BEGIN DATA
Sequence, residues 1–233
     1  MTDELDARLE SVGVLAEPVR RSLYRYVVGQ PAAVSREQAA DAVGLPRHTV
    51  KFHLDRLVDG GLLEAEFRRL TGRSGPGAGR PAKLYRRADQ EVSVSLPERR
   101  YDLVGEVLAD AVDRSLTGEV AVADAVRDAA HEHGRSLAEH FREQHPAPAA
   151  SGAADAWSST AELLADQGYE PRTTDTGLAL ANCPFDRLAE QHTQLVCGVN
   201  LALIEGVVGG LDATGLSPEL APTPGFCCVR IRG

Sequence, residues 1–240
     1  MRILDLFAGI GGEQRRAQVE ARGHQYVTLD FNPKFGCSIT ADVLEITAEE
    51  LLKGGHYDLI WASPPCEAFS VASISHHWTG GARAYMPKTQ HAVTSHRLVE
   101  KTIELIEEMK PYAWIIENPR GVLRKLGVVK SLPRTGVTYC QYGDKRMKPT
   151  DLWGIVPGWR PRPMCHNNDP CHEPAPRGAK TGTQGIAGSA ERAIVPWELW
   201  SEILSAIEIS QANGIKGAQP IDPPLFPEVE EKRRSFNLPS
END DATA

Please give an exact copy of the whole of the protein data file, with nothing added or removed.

Sequence, residues 1–233
     1  MTDELDARLE SVGVLAEPVR RSLYRYVVGQ PAAVSREQAA DAVGLPRHTV
    51  KFHLDRLVDG GLLEAEFRRL TGRSGPGAGR PAKLYRRADQ EVSVSLPERR
   101  YDLVGEVLAD AVDRSLTGEV AVADAVRDAA HEHGRSLAEH FREQHPAPAA
   151  SGAADAWSST AELLADQGYE PRTTDTGLAL ANCPFDRLAE QHTQLVCGVN
   201  LALIEGVVGG LDATGLSPEL APTPGFCCVR IRG

Sequence, residues 1–240
     1  MRILDLFAGI GGEQRRAQVE ARGHQYVTLD FNPKFGCSIT ADVLEITAEE
    51  LLKGGHYDLI WASPPCEAFS VASISHHWTG GARAYMPKTQ HAVTSHRLVE
   101  KTIELIEEMK PYAWIIENPR GVLRKLGVVK SLPRTGVTYC QYGDKRMKPT
   151  DLWGIVPGWR PRPMCHNNDP CHEPAPRGAK TGTQGIAGSA ERAIVPWELW
   201  SEILSAIEIS QANGIKGAQP IDPPLFPEVE EKRRSFNLPS